Tuesday, April 25, 2017

The Parting

Tears rolled off her cheeks as she let him go.
It would be an eternity before she sees him again.
The sign said, "Play-Way Hours - 9 to 12".

Wednesday, January 25, 2017

Tradition - The loving term for Inertia


Don’t get me wrong, I don’t despise traditions, its the convenient usage of the word that really pisses me off. What exactly does the word tradition mean? Going back to the dictionary, here is what its definition will look like - 

an inherited, established, or customary pattern of thought, action, or behavior.

In lay person’s terms, it simply means the way things have been done or situations perceived -  from generation to generation.

We make traditions to create a sense of identity, a sense of purpose for the community or simply to come together in events of extreme emotions - happiness, Mourning, etc.. But there are times I really wonder if we make traditions or if the traditions make us.

Talking about the recent Jallikattu ban. We saw all sort of people coming together to protest against the banning of this centuries old ‘tradition’. I believe they felt that by banning the sport, the legacy of their ancestors would be taken away from them. That they will be lesser versions of themselves, if a few people from their state were not able to play that sport(yes, because only a few have the actual cheek to try and ride the bull).
But this logic of lost legacy applies to every tradition that was widely accepted and practiced but eventually was shunned by societies. Here is a tiny a list of traditions that were and some still are, practiced by many people across the world - 

  • Slavery
  • Caste System
  • Sati
  • Purdah
  • Polygamy
  • Child marriage
  • Widow ostracisation
  • Dowry System
  • Vaginal mutilation
  • In animal sports
    • Bull fighting
    • Cock fighting (perverts can smile here)
    • Dog fighting
    • many more..


Each of the above-mentioned traditions had and may still have millions of supporters, who must have seen or still see much merit in them continuing. But most of us now know, how out-of-tune, those people were or still are, with where the human civilization is heading.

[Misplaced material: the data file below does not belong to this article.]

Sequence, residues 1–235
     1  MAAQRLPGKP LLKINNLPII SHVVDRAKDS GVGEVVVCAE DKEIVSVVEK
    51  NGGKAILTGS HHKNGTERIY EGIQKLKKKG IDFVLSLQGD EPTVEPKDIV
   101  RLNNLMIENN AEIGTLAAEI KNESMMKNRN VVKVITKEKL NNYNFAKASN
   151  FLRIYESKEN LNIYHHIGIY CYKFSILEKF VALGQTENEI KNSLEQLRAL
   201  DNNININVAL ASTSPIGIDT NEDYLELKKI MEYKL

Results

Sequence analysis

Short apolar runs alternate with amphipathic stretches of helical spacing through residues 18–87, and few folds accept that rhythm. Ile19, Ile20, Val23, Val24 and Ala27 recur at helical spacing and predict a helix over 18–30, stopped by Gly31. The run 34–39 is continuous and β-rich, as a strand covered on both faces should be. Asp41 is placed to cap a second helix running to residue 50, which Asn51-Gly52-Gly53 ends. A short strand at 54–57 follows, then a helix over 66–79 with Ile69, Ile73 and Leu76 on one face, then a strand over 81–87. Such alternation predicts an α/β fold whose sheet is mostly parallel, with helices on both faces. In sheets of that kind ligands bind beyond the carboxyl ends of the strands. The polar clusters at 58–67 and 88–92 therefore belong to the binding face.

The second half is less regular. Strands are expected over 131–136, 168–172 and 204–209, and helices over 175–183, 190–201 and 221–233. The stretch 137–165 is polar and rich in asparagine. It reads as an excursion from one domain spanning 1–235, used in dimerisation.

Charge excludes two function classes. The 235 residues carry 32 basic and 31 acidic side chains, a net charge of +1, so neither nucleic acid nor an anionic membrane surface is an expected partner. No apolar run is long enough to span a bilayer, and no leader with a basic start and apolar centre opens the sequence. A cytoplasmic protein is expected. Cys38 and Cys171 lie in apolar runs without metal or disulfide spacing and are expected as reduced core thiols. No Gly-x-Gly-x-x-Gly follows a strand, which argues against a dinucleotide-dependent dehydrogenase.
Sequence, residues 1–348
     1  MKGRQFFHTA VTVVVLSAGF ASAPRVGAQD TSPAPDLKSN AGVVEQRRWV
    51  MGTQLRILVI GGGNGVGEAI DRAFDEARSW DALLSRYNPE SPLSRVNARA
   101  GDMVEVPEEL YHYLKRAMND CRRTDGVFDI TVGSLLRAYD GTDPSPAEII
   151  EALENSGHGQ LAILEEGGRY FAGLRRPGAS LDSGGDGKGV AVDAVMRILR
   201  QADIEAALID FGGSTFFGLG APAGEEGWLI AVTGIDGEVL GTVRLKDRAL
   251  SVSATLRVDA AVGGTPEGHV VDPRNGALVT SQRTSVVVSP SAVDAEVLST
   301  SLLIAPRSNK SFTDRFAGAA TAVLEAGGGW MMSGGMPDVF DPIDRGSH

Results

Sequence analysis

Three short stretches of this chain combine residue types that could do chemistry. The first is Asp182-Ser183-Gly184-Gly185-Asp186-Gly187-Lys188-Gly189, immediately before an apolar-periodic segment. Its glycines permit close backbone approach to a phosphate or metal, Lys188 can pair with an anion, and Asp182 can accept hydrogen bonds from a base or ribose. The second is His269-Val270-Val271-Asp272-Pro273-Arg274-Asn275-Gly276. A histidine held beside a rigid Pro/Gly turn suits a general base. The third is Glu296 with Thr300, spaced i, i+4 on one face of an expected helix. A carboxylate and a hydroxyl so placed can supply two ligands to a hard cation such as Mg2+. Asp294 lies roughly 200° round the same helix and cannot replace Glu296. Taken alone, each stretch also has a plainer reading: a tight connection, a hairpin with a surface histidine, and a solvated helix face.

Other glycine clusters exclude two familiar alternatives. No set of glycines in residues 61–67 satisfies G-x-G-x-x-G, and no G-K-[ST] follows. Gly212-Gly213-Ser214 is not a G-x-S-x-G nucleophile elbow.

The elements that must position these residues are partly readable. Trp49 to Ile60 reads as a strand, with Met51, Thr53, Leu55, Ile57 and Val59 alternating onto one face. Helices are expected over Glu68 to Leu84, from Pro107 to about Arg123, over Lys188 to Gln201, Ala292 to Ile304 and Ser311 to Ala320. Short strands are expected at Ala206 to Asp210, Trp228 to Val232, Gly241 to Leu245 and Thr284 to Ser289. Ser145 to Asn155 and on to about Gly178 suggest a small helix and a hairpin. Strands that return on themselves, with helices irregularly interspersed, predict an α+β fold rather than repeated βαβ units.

My whole point being, that no-one is crying or protesting because hundreds of traditional crafts that are getting lost because the new generation is not interested in learning them  No such reaction even for the languages and dialects that we are losing every year. Not one protest to save the environment or to save the thousands of plant and animal species being wiped off the face of the earth. Only because these traditions, practices, and organisms are dying a natural death at the hands of the changed environment and lifestyles. But we as a local community or the entire human civilization are able to survive any sort of identity crisis erupting from the end of these practices and traditions or the extinction(rather murder) of millions of unimportant(from the perspective of region and religion) species.

Will Diwali be less of a happy occasion than it has been because there are no fireworks? Will Holi’s meaning be lessened because the government banned throwing water balloons? Aren’t we all making up new traditions every year, within our own homes, our workplaces, and communities? Are the traditions associated with region and religion the only important ones? We tend to be quite logical and practical with the rest of the traditions that we introduce in our lives.

I would urge you to believe more in yourself and what you stand for, right inside the core. Once you do that everything else will seem ancillary, you will be more than the sum of your  - gender, financial status, region, religion and country.  Time to free yourself from these boxes that you did not choose to begin with, but have to spend the rest of your life defending or rationalising.